Back at the club - and the 6mm War of the Spanish Succession (Marlburian period if you want to be Anglo-centric). Again, Nick and I faced off - approximately 150 points each. As I left bases in the box, I realised that I must have had a fair bit of a points advantage in the first game, at least 15 or so, which was at least a 10% edge.
Nick was featuring as 'tired general' coming directly off a flight, so I grabbed the club terrain tiles, tried to make the terrain interesting, and gave him choice of long edge on the 150cm x 90cm table. (5 x 3 foot).
British are on the left, French on the right. The British have loaded the flank with German firelock brigades, their horse are concentrated there as well. On the British right, a small village obstructs a straight forward fight.
|View from the British Right|
The French have horse (well in 'Horse, Foot & Guns' - 'Pistols') massed on their left, and a lot of foot.
|View from the French left|
The 'thin red line' in the distance, you can just see French dragoons and foot on the French right.
|View from the British left|
In front of the British you can see a sunken lane, which became a key feature.
The French left never really got into the game, struggling with enclosures and buildings.
The French centre, lovely flags and detail by Nick. I really like the way he has varied the officers and drummers positioning to add colour and movement. I will be stealing this idea when I do my own French army.
|And the engagement is on!|
At the far end the German firelocks are pushing through the village on the French right, the British assault on the sunken lane is in full swing, and in the centre, Marlborough is having to reposition brigades to shore up his centre, after Blood's regiment is blown away by a close assault (the brigade routed and could not be rallied).
|The French defenders of the sunken road, dragoons and firelocks..|
The sunken road was backed by a wooded hill. This created real problems for the British. Their horse charged the dragoon lining the road - which we treated as an 'ELF' or linear feature that added a bonus to the defenders. The dragoons then returned through the woods and started taking potshots at the Horse. Unable to respond the horse were withdrawn and two Irish brigades brought up to try and displace the defenders.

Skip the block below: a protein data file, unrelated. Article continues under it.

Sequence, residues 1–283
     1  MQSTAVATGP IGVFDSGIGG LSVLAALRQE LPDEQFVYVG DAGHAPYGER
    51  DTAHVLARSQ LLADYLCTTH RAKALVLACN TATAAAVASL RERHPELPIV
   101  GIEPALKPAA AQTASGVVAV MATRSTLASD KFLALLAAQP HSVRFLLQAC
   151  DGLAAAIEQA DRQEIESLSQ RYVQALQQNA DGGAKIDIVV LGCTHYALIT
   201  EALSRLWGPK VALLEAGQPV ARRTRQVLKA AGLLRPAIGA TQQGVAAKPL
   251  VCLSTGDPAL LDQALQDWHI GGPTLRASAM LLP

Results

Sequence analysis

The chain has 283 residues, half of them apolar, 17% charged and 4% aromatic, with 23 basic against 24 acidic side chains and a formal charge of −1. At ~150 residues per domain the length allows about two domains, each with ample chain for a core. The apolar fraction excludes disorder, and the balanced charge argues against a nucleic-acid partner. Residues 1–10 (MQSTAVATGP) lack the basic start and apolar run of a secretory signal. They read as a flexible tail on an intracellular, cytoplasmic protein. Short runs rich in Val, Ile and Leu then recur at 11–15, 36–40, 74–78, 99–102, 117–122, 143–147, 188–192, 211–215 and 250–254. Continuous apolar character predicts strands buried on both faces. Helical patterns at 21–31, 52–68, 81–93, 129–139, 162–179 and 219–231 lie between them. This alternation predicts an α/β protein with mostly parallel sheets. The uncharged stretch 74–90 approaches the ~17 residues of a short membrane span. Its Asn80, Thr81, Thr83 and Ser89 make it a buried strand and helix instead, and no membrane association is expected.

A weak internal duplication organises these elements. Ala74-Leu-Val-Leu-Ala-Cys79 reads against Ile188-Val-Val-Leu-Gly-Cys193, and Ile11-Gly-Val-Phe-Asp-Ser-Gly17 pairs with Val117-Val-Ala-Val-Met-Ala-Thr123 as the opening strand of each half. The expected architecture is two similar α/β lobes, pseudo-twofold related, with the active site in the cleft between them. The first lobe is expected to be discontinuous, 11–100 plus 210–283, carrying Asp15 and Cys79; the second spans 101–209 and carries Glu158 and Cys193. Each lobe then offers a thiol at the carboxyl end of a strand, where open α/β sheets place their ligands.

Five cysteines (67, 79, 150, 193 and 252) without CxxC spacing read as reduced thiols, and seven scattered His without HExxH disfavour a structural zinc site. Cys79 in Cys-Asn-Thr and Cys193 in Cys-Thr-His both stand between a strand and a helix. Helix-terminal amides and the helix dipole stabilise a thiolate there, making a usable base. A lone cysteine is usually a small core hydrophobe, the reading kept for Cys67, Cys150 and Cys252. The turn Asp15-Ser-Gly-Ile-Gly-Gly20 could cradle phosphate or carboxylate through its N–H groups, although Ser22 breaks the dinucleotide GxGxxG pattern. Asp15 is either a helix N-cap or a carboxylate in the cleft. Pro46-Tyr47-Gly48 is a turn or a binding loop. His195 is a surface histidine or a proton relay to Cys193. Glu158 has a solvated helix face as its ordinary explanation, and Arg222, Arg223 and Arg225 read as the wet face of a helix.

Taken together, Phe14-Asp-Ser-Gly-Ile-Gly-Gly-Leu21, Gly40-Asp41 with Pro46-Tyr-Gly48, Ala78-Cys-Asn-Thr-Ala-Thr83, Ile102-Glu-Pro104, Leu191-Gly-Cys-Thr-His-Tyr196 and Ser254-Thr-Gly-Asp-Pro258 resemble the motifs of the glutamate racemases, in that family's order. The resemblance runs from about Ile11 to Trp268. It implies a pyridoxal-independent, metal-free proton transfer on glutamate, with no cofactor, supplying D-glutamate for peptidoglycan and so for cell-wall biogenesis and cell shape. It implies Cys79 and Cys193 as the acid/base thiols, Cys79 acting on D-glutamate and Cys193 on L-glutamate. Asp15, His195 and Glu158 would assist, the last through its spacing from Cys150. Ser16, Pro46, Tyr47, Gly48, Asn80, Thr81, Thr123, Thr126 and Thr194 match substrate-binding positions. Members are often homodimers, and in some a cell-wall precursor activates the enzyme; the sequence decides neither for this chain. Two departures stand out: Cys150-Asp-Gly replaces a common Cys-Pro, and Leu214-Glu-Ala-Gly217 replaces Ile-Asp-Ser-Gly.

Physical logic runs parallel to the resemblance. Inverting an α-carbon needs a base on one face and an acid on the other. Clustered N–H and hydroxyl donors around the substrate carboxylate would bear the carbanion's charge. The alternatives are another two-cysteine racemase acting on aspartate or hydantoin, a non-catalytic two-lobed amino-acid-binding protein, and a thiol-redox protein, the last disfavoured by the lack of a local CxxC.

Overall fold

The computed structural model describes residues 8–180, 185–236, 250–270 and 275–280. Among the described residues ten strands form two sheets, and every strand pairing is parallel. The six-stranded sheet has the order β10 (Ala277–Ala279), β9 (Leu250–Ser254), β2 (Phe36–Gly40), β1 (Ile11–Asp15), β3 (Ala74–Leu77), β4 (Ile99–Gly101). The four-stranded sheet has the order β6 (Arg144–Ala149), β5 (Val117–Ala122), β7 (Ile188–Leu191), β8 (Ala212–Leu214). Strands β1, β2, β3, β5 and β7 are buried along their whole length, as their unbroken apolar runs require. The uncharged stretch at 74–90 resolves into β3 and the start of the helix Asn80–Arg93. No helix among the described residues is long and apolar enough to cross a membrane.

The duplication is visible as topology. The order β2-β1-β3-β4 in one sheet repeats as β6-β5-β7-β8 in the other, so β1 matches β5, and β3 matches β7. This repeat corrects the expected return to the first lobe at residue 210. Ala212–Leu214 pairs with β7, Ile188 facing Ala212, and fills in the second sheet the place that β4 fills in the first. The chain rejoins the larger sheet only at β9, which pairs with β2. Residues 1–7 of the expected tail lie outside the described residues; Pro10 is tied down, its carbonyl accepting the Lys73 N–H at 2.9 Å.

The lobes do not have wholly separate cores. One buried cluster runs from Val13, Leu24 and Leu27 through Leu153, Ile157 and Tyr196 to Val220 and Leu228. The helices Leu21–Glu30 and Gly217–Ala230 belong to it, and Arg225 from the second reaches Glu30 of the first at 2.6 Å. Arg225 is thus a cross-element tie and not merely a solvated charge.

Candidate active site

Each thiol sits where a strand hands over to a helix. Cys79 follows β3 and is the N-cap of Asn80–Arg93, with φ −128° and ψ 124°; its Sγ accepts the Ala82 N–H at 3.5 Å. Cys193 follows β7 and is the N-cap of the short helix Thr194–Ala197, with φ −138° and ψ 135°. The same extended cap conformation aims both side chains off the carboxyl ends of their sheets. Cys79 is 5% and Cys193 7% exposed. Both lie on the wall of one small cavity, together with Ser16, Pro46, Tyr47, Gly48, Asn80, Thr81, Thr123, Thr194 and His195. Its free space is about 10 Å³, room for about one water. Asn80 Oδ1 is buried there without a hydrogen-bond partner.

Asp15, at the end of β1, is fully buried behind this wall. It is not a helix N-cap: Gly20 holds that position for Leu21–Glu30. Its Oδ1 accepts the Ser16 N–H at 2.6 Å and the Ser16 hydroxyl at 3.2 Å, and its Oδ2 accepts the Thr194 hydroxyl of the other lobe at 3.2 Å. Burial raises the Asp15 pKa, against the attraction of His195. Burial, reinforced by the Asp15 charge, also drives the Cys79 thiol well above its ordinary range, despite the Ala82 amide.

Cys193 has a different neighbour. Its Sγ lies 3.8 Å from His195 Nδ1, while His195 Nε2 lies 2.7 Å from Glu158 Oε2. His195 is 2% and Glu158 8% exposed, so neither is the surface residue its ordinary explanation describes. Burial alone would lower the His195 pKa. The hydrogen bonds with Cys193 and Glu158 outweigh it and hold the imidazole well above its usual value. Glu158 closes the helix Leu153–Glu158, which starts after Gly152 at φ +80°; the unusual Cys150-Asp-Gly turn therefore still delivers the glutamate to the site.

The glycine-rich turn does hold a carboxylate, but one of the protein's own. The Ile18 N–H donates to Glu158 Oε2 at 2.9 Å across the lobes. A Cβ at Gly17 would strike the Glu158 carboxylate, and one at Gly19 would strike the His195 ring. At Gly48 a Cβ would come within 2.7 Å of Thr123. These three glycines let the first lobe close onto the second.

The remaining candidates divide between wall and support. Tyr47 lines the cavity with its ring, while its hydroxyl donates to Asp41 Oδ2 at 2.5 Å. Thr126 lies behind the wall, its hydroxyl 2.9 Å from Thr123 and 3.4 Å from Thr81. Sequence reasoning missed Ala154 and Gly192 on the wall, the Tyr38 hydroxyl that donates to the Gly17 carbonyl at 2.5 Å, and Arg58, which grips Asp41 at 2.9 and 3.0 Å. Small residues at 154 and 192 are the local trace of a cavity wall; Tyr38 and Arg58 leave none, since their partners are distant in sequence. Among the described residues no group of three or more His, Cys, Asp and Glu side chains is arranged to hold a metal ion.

The French assault has stalled in the centre with heavy casualties from the British foot, while the defenders of the sunken lane have a problem with German firelocks turning their flank (foreground). A brigade of French dragoons entered the village to try and hold up the Germans, but were bundled ouy and forced to withdraw into the woods.
|British assault the lane with infantry backed by Horse|
This became an expensive proposition for the British.
Casualties in the French centre caused Villars to end the engagement while in the foreground, despite being outnumbered, the French dragoons still hold the woods as the British cavalry reform behind their screening infantry.
Overall, another cracking game. The French firelocks really struggle against the British/Dutch infantry that are superior in a firefight. The French left never really got into the game, and the French dragoons did sterling work on the French right.
Not sure what the answer is for the French. In some respects they have command advantages (they have an Army HQ as opposed to the Allies 'Command Party' so they have a much greater command radius). Massing of artillery, use of heavy artillery, and pressing all along the line, using the press forward to get into combat might even things up a bit.